We applied the principle of the criteria and guidelines for perioperative transfusion suggested by the National Institutes of Health Consensus Conference, which state that the decision to transfuse blood depends on clinical assessment, aided by laboratory data, relevant to symptoms and signs of acute anemia [11].

DVT was suspected in the presence of swelling or edema of the thigh or calf, greater than 3 cm, compared to the contralateral leg with calf tenderness for as long as 12 weeks after the operation. We did not routinely screen for venous thrombosis, but all clinically suspected thrombosis or pulmonary embolisms (PEs) were investigated using antegrade venography or CT of the chest.

Patients were assessed using the Knee Society Scores (KSS), the Knee Society Function Score (KSFS), the Western Ontario and McMaster Universities Osteoarthritis Index (WOMAC) scores, and range of knee motion (ROM) before operation and at the latest follow-up. Radiographic evaluation included standing anteroposterior radiographs of the knee and a long weight-bearing film of the limb to measure the tibiofemoral mechanical axis (TFM) before operation and at the latest follow-up. A postoperative outlier was defined if there was >3° deviation from the ideal (TFM = 0°). We obtained data regarding medical complications (confusion, pneumonia, myocardial infarction [MI], DVT with positive venogram finding, transfer to intensive care unit, postoperative congestive heart failure [CHF], pulmonary embolism, upper gastrointestinal [UGI] bleeding, cerebral vascular accident/transient ischemic accident (CVA/TIA), postoperative anemia, and atelectasis) and surgical complications (hematoma around the knee, superficial wound infection) within 90 days after operation. We also ascertained the 90-day postoperative mortality. Other complications, including periprosthetic fractures around the knee, deep infection or loosening of the implant were recorded.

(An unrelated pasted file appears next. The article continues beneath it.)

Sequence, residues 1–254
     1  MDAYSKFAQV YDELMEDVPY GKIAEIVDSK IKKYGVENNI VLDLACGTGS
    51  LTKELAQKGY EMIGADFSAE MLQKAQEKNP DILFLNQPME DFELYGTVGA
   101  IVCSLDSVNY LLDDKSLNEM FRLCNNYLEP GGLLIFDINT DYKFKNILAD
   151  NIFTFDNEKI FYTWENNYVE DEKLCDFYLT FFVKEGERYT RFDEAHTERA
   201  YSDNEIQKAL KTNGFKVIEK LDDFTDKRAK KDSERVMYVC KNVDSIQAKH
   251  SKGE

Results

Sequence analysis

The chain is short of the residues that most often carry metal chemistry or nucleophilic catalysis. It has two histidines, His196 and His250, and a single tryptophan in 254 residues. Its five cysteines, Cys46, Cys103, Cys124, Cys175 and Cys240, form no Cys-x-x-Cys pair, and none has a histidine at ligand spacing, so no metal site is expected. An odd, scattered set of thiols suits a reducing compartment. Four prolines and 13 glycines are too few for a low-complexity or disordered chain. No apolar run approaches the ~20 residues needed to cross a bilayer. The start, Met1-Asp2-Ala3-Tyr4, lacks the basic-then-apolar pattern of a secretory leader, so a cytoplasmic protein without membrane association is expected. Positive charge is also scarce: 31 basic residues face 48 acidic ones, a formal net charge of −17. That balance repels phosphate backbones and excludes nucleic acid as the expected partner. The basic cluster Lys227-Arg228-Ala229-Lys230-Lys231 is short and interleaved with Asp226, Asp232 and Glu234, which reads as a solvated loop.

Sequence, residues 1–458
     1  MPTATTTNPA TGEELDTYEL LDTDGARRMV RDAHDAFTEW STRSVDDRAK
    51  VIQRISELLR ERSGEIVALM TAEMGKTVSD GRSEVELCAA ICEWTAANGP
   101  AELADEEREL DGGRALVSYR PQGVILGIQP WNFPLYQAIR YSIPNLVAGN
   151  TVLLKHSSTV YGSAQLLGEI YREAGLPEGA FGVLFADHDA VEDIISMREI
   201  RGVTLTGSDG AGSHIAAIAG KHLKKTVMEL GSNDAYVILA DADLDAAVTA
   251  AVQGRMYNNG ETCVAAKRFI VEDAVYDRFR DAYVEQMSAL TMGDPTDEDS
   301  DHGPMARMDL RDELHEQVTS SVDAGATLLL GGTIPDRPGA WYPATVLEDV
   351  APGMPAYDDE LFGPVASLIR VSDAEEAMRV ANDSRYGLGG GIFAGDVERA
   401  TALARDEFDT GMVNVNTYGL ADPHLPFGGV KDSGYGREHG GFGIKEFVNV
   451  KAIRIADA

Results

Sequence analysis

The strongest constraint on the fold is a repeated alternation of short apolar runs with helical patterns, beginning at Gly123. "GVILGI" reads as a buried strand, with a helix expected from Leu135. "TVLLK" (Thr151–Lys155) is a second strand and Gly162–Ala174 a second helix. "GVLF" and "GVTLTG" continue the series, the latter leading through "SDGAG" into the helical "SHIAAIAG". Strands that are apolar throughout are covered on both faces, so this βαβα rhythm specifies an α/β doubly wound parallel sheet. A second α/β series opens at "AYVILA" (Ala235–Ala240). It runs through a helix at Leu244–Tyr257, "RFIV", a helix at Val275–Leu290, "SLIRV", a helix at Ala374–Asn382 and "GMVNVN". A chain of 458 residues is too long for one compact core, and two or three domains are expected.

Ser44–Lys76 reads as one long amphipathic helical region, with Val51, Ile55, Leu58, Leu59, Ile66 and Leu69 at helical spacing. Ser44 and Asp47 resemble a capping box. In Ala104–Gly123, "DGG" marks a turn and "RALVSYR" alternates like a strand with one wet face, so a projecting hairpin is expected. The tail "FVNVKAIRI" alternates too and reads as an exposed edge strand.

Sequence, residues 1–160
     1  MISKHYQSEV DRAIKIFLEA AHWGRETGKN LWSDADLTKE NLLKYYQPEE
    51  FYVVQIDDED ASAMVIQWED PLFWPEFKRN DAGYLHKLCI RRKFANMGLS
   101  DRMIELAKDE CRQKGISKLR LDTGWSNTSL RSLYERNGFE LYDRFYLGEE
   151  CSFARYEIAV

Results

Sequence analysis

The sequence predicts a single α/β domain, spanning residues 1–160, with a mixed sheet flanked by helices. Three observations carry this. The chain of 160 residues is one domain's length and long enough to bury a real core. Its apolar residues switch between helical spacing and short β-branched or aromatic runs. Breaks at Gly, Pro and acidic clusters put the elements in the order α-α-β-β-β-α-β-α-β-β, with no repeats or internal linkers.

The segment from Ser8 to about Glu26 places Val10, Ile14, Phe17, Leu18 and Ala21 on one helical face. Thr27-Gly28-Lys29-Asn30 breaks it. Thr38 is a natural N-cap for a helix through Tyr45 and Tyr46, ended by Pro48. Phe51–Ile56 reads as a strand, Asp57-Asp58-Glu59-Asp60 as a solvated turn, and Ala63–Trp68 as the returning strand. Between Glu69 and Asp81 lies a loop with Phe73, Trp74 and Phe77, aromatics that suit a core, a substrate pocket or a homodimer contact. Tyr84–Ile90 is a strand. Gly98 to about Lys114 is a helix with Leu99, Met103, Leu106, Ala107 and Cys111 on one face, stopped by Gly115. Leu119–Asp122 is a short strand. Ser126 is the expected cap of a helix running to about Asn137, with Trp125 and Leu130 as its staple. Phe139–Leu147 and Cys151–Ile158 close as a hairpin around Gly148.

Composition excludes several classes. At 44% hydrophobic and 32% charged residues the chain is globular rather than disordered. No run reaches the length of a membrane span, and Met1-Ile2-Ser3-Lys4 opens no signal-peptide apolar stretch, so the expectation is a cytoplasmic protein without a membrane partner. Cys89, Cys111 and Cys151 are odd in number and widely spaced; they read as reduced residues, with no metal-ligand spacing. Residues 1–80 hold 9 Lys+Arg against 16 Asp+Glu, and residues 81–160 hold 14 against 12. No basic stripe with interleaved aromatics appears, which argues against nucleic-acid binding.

Statistical analysis